I revisited these two reports from Manila Standard.
In the story hikes household incomes,
Chito Gozar, senior vice president for communications and external affairs, said more numbers can disprove the belief that mining causes poverty incidence. He said the contention of environmental groups is not true because precisely mining’s end is creation of wealth that would eliminate poverty…
The UPLB study pointed out that the major change in the economy of Didipio village was due to the presence of OceanaGold in the village. Peviously, Didipio is an agricultural settlement and that farming was the primary source of household income.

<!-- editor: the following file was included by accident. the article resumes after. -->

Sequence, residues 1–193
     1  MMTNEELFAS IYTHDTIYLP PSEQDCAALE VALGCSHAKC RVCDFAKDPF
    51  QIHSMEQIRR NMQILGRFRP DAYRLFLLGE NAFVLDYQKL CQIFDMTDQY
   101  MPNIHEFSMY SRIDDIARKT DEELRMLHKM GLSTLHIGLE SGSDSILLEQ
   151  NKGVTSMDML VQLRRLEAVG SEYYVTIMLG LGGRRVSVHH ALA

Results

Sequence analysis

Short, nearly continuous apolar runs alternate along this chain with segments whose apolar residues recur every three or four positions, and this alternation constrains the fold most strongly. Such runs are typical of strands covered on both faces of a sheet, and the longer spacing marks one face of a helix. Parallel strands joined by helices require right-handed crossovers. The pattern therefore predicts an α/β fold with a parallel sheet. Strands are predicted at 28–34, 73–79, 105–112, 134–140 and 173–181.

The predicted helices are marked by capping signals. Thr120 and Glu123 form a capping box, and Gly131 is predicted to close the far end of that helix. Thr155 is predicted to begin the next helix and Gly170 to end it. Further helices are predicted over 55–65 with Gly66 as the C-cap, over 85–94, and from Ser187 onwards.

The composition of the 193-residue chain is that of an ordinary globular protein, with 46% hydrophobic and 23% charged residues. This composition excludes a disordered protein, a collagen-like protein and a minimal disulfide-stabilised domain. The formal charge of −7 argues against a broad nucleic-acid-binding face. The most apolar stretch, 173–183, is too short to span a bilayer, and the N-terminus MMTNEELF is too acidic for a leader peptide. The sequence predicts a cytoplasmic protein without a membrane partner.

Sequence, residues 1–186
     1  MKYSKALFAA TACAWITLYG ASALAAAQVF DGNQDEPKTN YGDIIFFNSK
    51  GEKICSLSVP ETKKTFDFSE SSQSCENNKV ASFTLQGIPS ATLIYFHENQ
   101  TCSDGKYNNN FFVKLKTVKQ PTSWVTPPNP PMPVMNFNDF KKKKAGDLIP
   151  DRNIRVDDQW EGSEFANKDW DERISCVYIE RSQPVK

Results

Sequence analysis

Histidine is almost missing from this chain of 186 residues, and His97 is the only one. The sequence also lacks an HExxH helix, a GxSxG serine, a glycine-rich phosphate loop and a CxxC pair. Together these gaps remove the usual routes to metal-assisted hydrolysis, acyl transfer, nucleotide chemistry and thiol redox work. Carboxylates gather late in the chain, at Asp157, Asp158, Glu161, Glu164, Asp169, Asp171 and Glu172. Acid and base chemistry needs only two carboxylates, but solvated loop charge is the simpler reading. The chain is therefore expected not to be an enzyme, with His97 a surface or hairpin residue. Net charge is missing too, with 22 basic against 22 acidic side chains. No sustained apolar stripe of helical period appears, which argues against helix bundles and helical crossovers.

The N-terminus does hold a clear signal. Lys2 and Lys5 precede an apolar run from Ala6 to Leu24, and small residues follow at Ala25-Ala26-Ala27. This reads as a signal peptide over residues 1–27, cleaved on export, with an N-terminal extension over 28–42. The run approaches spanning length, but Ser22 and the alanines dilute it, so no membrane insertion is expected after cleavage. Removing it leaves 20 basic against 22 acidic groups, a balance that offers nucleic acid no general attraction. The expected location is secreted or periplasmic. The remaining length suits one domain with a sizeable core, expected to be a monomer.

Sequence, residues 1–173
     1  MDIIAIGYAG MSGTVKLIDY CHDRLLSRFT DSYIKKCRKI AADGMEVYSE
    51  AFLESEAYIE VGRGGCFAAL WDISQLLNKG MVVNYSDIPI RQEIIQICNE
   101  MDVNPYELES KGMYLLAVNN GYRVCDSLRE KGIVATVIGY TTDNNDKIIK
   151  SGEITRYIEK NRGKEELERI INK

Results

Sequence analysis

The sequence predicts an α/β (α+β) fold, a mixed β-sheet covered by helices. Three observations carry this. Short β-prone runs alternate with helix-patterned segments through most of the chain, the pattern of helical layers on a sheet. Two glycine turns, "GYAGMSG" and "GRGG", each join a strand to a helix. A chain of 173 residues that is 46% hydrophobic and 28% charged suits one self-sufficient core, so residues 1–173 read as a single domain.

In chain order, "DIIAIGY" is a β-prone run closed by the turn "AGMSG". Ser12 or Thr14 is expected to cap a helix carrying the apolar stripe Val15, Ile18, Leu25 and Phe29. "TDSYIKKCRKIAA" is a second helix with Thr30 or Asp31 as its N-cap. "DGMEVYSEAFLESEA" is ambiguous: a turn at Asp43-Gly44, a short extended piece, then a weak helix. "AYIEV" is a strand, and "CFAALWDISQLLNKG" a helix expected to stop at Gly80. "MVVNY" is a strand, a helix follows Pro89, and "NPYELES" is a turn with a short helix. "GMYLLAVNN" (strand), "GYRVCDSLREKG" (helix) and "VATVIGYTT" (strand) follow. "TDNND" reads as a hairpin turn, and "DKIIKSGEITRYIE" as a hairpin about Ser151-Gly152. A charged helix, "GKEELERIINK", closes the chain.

In the story propel GDP growth,
David is the DoST executive director of the Philippine Council for Industry, Energy and Emerging Technology Research and Development (DoST-PCIEERD), and concurrently, Stratbase ADR Institute (ADRi) trustee.
“Hence we see the urgent need to partner with the mining industry in a series of research projects to develop a long-term national road map that will integrate the development of mining, steel and other downstream industries,” he said.
Nice two articles. Mining-rich areas tend to be marginal and inappropriate for high-value agriculture or forestry because of the poor soil quality. By harvesting the minerals and metal ores, greater value and income for workers and staff, directly or indirectly employed by a mining firm, can be enjoyed and optimized.